0.32

  55–59

7.89

(2.93, 21.28)

<0.01

9.65

(3.08, 30.25)

<0.01

2.30

(0.29, 18.11)

0.43

  60–64

15.34

(5.72, 41.13)

<0.01

18.82

(6.04, 58.67)

<0.01

4.31

(0.57, 32.37)

0.16

  65–69

20.61

(7.70, 55.19)

<0.01

24.57

(7.89, 76.50)

<0.01

8.69

(1.19, 63.35)

0.03

  70–74

30.37

(11.36, 81.17)

<0.01

35.54

(11.43, 110.49)

<0.01

14.74

(2.05, 105.93)

0.01

  75–79

35.08

(13.12, 93.80)

<0.01

41.32

(13.28, 128.53)

<0.01

16.02

(2.23, 115.14)

0.01

Exposure to glucose-lowering drugsb

  Pioglitazone

1.22

(1.05, 1.43)

0.01

1.28

(1.09, 1.51)

<0.01

0.78

(0.44, 1.37)

0.39

  Rosiglitazone

1.08

(0.92, 1.26)

0.35

1.10

(0.93, 1.30)

0.25

0.89

(0.53, 1.49)

0.66

  Metformin

1.03

(0.93, 1.13)

0.60

1.03

(0.93, 1.14)

0.58

0.99

(0.75, 1.31)

0.96

  Sulfonylurea

0.92

(0.84, 1.01)

0.08

0.91

(0.83, 1.01)

0.06

0.99

(0.76, 1.30)

0.95

  Other OHA

1.00

(0.90, 1.11)

0.93

0.95

(0.85, 1.07)

0.40

1.36

(1.02, 1.81)

0.04

  Insulin

1.08

(0.97, 1.21)

0.15

1.08

(0.96, 1.21)

0.20

1.10

(0.81, 1.50)

0.53

Data are from SNIIRAM and PMSI databases

aAdjusted HRs estimated from multivariate Cox model including age, sex (when applicable) and exposure to glucose-lowering drugs

bFor each class of glucose-lowering drug, non-exposure was the reference group for calculation of the HR associated with exposure

N/A, not applicable; OHA, oral hypoglycaemic agent

We observed a dose–effect relationship, with a significant increase in risk for cumulative duration of exposure 12 to 23 months (adjusted HR 1.34 [95% CI 1.02, 1.75]) and ≥24 months (adjusted HR 1.36 [95% CI 1.04, 1.79]) (Table 3). The risk was increased 75% for cumulative doses ≥28,000 mg (adjusted HR 1.75 [95% CI 1.22, 2.50]). Somewhat larger estimates were observed for men for durations ≥24 months (adjusted HR 1.44 [95% CI 1.09, 1.91]) and cumulative doses ≥ 28,000 mg (adjusted HR 1.88 [95% CI 1.30, 2.71]).
Table 3

Risk of bladder cancer with increasing level of pioglitazone use during follow-up: French cohort of diabetic patients aged 40–79 years (followed between 2006 and 2009)

Exposure

Overall study population

Men

Women

HRa (95% CI)

p value

HRa (95% CI)

p value

HRa (95% CI)

p value

Cumulative dose (mg)b

  <10,500

1.12 (0.89, 1.40)

0.34

1.17 (0.92, 1.48)

0.21

0.77 (0.36, 1.65)

0.51

  10,500–27,999

1.20 (0.93, 1.53)

0.16

1.24 (0.96, 1.60)

0.10

0.84 (0.35, 2.06)

0.71

  ≥28,000

1.75 (1.22, 2.50)

<0.01

1.88 (1.30, 2.71)

<0.01

0.57 (0.08, 4.11)

0.58

Duration of exposure (days)b

  <360

1.05 (0.82, 1.36)

0.68

1.10 (0.84, 1.43)

0.49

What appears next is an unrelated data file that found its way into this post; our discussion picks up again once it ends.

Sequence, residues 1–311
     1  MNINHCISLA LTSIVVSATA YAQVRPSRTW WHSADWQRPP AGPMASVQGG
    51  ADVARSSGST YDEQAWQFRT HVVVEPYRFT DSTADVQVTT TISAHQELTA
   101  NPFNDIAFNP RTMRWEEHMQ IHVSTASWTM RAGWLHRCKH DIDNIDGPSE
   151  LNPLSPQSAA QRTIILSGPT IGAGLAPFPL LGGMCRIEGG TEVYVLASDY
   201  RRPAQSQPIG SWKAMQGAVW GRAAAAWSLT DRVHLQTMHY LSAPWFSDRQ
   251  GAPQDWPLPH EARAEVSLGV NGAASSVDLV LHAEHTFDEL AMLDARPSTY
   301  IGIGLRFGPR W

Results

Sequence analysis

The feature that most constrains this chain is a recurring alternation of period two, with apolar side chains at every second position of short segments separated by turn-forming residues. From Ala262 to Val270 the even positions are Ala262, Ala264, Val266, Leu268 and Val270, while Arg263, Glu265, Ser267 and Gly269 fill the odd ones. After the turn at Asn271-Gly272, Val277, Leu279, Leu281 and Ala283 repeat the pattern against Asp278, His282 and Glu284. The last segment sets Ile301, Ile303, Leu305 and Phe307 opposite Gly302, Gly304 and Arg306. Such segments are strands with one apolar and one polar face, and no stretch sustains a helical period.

0.76 (0.34, 1.72)

0.51

  360–719

1.34 (1.02, 1.75)

0.03

1.39 (1.06, 1.84)

0.02

0.87 (0.32, 2.35)

0.79

  ≥720

1.36 (1.04, 1.79)

0.02

1.44 (1.09, 1.91)

0.01

0.71 (0.22, 2.23)

0.56

Data are from SNIIRAM and PMSI databases

aAdjusted HRs estimated from multivariate Cox model including age, sex (when applicable), level of pioglitazone use (i.e. cumulative dose and duration of exposure, respectively) and exposure to other glucose-lowering drugs

bNon-exposure was the reference group for calculating the HR associated with increasing level of pioglitazone use

The results from the additional analyses were as follows:
  1. 1.

    When age was used as the time scale, the adjusted HR was 1.28 (95% CI 1.10, 1.50);

     
  2. 2.

    After excluding patients with a pioglitazone prescription in the first 6 months of 2006, the adjusted HR was 1.17 (95% CI 0.94, 1.47, p = 0.17) and the adjusted HR for doses ≥28,000 mg was 1.94 (95% CI 0.73, 5.19, p = 0.19);

     
  3. 3.

    With an additional adjustment for duration of full reimbursement for diabetes treatment in the patient subgroup concerned, the adjusted HR was 1.20 (95% CI 0.98, 1.48). The duration of full reimbursement was not significantly associated with bladder cancer incidence: compared with a duration of 1–4 years, for 5–9 years, the adjusted HR was 0.98 (95% CI 0.84, 1.13); for 10–14 years, adjusted HR 0.94 (95% CI 0.78, 1.13); and for ≥15 years, adjusted HR 0.98 (95% CI 0.81, 1.18);

     
  4. 4.

    Analysis using the broader definition of bladder cancer also revealed an association with pioglitazone exposure (adjusted HR 1.13 [95% CI 1.03, 1.25]) and a dose–effect relationship for exposure duration ≥24 months (adjusted HR 1.23 [95% CI 1.03, 1.47]) and cumulative doses ≥28,000 mg (adjusted HR 1.44 [95% CI 1.13, 1.84]);

     
  5. 5.

    After excluding pioglitazone-exposed patients, we observed no dose–effect relationship between metformin use and bladder cancer: compared with non-exposure, the adjusted HRs for the dose quintiles (interval limits 870, 1,740, 2,461, and 3,185 g) were 1.00 (95% CI 0.88, 1.15), 1.14 (95% CI 1.00, 1.29), 1.05 (95% CI 0.90, 1.24), 1.07 (95% CI 0.87, 1.32) and 1.11 (95% CI 0.83, 1.49), respectively;

     
  6. 6.